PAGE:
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Covington, LA, United States

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TCA Cellular Therapy LLC | Date: 2008-02-06

Pharmaceutical preparations for the treatment of heart/vascular disease.


Allers C.,TCA Cellular Therapy LLC | Jones J.A.,TCA Cellular Therapy LLC | Jones J.A.,Southeastern Louisiana University | Lasala G.P.,TCA Cellular Therapy LLC | Minguell J.J.,TCA Cellular Therapy LLC
Regenerative Medicine | Year: 2014

Based on the distinctive cellular, molecular and immunomodulatory traits of mesenchymal stem cells (MSC), it has been postulated that these cells may play a critical role in regenerative medicine. In addition to the participation of MSC in the repair of mesodermal-derived tissues (bone, cartilage), robust data have suggested that MSC may also play a reparative role in conditions involving damage of cells of ectodermal origin. The above content has been supported by the capability of MSC to differentiate into neuron-like cells as well as by a competence to generate a 'neuroprotective' environment. In turn, several preclinical studies have put forward the concept that MSC therapy may represent an option for the treatment of several neurological disorders and injuries, including amyotrophic lateral sclerosis. We expect that the above foundations, which have inspired this review, may result in the founding of an effective and/or palliative therapy for amyotrophic lateral sclerosis. © 2014 Future Medicine Ltd. Source


Lasala G.P.,TCA Cellular Therapy LLC | Silva J.A.,TCA Cellular Therapy LLC | Gardner P.A.,Venous and Arterial Surgery Clinic | Minguell J.J.,TCA Cellular Therapy LLC
Angiology | Year: 2010

The infusion of a source of endothelial progenitors (EPCs) to limb ischemia (LB) patients has been used to increase angiogenesis. Because the formation of new blood vessels involves, in addition to EPCs, other cells and angiogenic regulators, we postulate that a combination cell therapy including EPCs and mesenchymal stem cells (a source of pericytes progenitors and angiogenic regulators) may represent a preferential stimuli for the development of blood vessels. In this phase I clinical trial, patients with LI were infused with a cell product consisting of autologous bone marrow-derived mononuclear and mesenchymal stem cells. After 10 2 months of follow-up, efficacy assessment demonstrated improvements in walking time, ankle brachial pressure, and quality of life. Concomitantly, angiographic and 99mTc-TF perfusion scintigraphy scores confirmed increased perfusion in the treated limbs. These results show that the use of a combination cell therapy is safe, feasible, and appears effective in patients with LI. © 2010 The Author(s). Source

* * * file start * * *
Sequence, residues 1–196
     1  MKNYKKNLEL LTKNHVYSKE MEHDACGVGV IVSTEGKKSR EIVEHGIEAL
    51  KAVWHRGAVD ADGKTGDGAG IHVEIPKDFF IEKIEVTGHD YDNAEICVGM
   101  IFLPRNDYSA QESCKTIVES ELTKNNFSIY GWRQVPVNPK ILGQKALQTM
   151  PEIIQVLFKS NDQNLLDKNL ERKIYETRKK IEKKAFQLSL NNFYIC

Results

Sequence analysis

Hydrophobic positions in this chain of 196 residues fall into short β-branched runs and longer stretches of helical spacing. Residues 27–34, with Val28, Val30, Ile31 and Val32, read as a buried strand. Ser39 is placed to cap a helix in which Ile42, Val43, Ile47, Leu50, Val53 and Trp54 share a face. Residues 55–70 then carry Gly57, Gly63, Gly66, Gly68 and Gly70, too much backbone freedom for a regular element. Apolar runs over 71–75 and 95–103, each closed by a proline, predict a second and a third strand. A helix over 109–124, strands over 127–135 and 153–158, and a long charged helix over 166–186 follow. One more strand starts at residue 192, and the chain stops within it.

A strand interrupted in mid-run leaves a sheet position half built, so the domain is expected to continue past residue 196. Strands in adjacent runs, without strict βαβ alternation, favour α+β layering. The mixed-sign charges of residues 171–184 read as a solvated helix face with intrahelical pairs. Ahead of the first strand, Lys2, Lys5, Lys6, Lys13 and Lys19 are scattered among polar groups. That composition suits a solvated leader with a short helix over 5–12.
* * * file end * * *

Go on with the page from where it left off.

Lasala G.P.,TCA Cellular Therapy LLC | Silva J.A.,TCA Cellular Therapy LLC | Minguell J.J.,TCA Cellular Therapy LLC
Journal of Thoracic and Cardiovascular Surgery | Year: 2012

Objective: Angiogenesis involves the interplay of endothelial progenitor cells, pericytes, growth factors, and cellular matrix components. The use of mesenchymal stem cells, which are closely related to pericytes and produce diverse angiogenic growth factors and matrix molecules, seems to be a promising therapeutic modality. We postulate that the use of a combination cell product (mesenchymal stem cells in conjunction with a source of endothelial progenitor cells) is safe and efficient and may optimize the clinical results obtained with the use of endothelial progenitor cells alone. This study assessed whether the intramuscular infusion of a combination cell product represents a viable, effective, and lasting therapeutic modality to improve perfusion in severely ischemic limbs. Methods: Patients with limb ischemia (n = 26) received an intramuscular (gastrocnemius) infusion of the combination cell product in the most ischemic leg and a placebo product in the (less ischemic) contralateral leg. Clinical follow-up (months 0.5, 1, 2, and 4 postinfusion) included evaluation of pain-free walking time, ankle-brachial index, perfusion scintigraphy, and quality of life survey. Results: No adverse events occurred after infusion. Efficacy assessment indicated that after cell infusion there was a significant improvement in walking time and ankle-brachial index. In addition, technetium-99m-tetrofosmin scintigraphy demonstrated a significant increase of perfusion in the treated limbs compared with the respective control legs. Conclusions: This phase II clinical trial shows that the use of a combination cell therapy is safe and effective in increasing blood flow in the ischemic legs of patients with limb ischemia. © 2012 by The American Association for Thoracic Surgery. Source

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